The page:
I have heard stories, no doubt exaggerated, as these tales are, of Englishmen who lost their way and when they happen upon a Boer homestead, being turned away without food or water only to die in the wilderness. I wonder if these stories were fact or only fables intended as a warning for English would-be travelers to these lands. Theologically, they remained isolated and free from the softening that took place in Europe and England of the harsh positions following the reformation. In a way, it was much on account of their faith that they were able to endure the hardships of the frontier, as was the case in countries like America.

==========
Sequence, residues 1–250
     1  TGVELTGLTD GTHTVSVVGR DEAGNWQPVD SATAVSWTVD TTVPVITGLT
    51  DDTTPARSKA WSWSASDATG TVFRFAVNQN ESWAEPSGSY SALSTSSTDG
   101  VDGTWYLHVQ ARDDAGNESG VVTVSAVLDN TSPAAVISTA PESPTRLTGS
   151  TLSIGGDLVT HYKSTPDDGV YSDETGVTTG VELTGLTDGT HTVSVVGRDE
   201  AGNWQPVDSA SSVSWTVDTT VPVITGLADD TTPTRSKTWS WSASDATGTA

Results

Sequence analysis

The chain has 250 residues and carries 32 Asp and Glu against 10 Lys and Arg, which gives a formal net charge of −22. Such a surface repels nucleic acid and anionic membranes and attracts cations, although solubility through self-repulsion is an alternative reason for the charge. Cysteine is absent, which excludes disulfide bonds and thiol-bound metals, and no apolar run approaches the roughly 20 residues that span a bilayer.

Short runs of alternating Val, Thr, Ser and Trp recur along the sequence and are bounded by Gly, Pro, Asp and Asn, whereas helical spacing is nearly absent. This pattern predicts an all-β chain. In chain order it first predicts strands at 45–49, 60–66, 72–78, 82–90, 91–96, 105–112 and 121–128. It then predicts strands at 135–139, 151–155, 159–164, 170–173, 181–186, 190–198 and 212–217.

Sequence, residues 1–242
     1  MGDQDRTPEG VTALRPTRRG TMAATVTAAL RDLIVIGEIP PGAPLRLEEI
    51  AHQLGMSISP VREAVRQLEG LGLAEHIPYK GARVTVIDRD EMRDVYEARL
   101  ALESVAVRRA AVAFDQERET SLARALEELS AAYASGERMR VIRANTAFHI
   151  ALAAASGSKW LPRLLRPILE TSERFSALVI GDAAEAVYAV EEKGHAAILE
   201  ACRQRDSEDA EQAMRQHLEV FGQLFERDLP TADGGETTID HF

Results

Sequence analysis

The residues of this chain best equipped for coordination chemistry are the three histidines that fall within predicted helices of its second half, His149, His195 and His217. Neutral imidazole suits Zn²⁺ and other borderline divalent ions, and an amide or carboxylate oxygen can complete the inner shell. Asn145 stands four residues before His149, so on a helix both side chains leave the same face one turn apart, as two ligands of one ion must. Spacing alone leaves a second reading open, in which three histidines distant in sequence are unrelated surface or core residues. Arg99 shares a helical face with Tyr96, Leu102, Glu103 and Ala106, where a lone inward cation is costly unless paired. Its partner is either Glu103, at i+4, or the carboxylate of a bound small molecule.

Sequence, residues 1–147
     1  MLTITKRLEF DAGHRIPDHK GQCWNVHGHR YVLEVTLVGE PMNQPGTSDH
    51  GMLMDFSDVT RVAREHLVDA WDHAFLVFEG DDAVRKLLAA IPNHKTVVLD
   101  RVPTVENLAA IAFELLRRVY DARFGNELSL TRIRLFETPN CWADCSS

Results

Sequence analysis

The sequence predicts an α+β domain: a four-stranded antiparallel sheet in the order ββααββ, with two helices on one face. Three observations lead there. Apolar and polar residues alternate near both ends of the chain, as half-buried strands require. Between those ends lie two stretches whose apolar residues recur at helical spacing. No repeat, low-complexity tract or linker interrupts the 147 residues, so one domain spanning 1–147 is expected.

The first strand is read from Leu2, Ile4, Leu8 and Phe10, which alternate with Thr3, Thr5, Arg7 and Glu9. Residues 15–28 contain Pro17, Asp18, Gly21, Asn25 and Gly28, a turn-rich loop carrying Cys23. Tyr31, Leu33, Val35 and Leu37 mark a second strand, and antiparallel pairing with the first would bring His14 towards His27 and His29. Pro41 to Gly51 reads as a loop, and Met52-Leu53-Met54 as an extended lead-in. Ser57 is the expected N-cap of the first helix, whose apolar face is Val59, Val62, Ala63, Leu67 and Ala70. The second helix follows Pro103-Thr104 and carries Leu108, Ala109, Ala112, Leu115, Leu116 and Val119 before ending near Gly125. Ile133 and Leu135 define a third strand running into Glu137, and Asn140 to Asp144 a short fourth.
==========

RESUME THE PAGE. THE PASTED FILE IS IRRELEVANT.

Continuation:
In any event, I wanted to travel through their lands and experience their warm culture, their openness to strangers (as long as you don’t speak English), their perseverance of their faith and their dedication to their own family and kind, before their way of life as frontiersmen change forever.
What is true for the Boer, was true for the indigenous African tribes. Their cultures have been in decline since the Dutch, German, French and the English arrived at the Cape of Good Hope and ventured into their lands.